4 77 story behind what quantitative results might show and will be much more conducive to finding answers to the research questions. Type of Design Case study design and methods were used in this investigation. The multiple case study followed Yin s (2003) and Merriam s (1988) design and methods. The case study method and design is well-suited to this study because of its ability to answer the research questions appropriately. The case study is preferred in examining contemporary events but when the relevant behaviors cannot be manipulated (Yin, 2003, p. 7). Two additional resources can be investigated in case studies; (1) interviews with those involved in the events, and (2) direct observation of the events. The strength of the case study approach is in its ability to examine a full variety of evidence documents, artifacts, interview, and observations (Yin, 2003, p. 8). Additionally, descriptive case study is: undertaken when description and explanation (rather than prediction based on cause and effect) are sought, when it is not possible or feasible to manipulate the potential causes of behavior, and when variable are not easily identified or are too embedded in the phenomenon to be extracted for study (Merriam, 1988, p. 7). Yin s (2003) definition of a case study is: an empirical inquiry that investigates a contemporary phenomenon within its real-life context, especially when the boundaries between phenomenon and context are not clearly evident [It also] copes with the technically distinctive situation in which there will be many more variables of interest than data points, and as one result relies on multiple courses of evidence, with data needing to converge in a triangulating fashion, and as another result benefits from the prior development of theoretical proposition to guide data collection and analysis (pp ).
5 78 Yin (2003) recommends matching the type of research question to the strategy used to yield the data that responds appropriately to the question. This researcher s questions ask which, why and how. Yin s (2003) approach to choosing the appropriate strategy considers three conditions: the type of research question, how much control the investigator has over the events, and whether or not the focus in on contemporary or historical events and to what extent (see also Merriam, 1988). The investigator has no control over the course design or instruction of the cases being examined. One of the criteria for choosing the participants was that they taught online within the past year, so the events are contemporary, and that specific variables or events have not be identified to investigate and cannot be easily separated from the context makes case study design appropriate for this study. Thus, two strategies were attractive for this study s questions. Which questions that focus on contemporary events where the investigator has little or no control over the behavioral events could be considered exploratory or explanatory in nature and the use of an introductory survey will be the best strategy to use (Yin, 2003). Merriam (1988) concurs stating A case study can also include data gathered by a survey instrument [The survey] responses would form part of the database for the case study (p. 8) Additionally, the research strategy most conducive to answering the why and how questions is the case study, which also focuses on contemporary events and does not require that the investigator have control over behavioral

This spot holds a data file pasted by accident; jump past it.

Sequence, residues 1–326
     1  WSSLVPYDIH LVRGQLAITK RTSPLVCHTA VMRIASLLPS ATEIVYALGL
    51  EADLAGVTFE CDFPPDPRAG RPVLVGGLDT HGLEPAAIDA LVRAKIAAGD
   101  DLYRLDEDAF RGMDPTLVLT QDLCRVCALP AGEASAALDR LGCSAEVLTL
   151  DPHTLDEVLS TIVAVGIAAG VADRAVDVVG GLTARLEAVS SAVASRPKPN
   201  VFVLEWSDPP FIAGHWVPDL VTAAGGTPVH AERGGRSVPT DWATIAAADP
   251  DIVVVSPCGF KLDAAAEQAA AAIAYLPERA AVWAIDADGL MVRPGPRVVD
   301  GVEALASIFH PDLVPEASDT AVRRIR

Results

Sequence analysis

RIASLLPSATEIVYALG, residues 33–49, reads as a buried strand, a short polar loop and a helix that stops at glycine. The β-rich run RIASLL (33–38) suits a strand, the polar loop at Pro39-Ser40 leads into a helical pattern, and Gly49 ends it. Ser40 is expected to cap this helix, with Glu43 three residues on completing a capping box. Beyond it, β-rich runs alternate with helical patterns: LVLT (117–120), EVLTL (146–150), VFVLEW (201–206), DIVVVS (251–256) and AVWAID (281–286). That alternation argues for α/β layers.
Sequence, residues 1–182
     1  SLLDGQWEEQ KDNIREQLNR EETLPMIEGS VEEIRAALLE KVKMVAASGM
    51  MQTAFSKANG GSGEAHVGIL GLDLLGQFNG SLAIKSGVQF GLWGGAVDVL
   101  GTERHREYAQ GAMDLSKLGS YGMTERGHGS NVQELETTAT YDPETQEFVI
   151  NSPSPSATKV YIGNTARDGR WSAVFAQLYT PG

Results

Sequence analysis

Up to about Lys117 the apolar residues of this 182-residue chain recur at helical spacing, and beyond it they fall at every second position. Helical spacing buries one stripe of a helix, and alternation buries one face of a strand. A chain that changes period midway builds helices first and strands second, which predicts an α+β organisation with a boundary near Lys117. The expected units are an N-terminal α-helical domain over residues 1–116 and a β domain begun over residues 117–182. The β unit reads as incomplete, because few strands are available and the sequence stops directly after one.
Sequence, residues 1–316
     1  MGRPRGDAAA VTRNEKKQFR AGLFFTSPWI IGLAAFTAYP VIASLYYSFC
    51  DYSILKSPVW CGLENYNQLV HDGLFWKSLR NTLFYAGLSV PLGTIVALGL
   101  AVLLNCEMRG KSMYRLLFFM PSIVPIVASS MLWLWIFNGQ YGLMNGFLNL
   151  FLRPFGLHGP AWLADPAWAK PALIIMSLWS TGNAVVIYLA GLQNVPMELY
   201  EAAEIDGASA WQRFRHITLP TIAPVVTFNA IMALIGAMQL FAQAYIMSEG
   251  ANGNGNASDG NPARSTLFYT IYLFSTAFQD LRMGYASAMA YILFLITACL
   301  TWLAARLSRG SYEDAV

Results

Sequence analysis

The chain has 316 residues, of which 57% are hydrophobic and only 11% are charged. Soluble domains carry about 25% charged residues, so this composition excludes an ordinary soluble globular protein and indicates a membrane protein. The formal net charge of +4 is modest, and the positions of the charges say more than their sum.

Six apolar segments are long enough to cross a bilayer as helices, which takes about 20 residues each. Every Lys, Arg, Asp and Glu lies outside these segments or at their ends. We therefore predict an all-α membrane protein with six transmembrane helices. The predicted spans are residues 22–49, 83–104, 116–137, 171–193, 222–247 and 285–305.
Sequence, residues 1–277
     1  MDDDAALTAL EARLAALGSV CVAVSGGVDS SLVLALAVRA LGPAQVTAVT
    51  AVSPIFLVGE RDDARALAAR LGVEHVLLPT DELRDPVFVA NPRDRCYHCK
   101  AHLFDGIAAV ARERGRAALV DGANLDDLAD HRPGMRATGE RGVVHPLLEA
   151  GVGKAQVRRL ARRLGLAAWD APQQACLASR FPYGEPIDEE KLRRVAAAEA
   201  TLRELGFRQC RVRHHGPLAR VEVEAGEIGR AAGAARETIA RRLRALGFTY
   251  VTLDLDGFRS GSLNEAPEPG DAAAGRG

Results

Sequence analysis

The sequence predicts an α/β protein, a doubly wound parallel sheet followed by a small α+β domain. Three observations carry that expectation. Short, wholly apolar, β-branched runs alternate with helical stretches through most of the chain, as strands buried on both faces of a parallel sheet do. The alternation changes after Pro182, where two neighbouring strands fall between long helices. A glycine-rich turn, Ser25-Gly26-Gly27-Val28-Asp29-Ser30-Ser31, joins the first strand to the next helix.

6 79 events. Both strategies were used in partnership to fully respond to this study s research questions. The participants initially responded to a short survey with open-ended questions that allowed each individual to describe which aspects they believe produce better results online than in the F2F classroom. The survey was also used to gather demographical information to provide background for the data analysis. After the survey data was gathered and analyzed, the investigator conducted the case study research through interviews and examination of artifacts, such as syllabi, content, assignments, assessments, and interactions. Yin (2003) lists five research design components that are especially important to case studies: Research questions Any propositions Units of analysis Linking the data to the propositions; and Criteria for interpreting the findings The research questions, the first component, were discussed earlier in this chapter. Next, any propositions the research has are discussed, followed by a description of the units of analysis and how the data will be linked to the propositions. Finally, the criteria for interpreting the findings will be examined. The propositions direct attention to what was examined within the study. Webster s New World Dictionary & Thesaurus define proposition as being a subject or statement to be discussed or debated (Webster, 2001). Sutton & Staw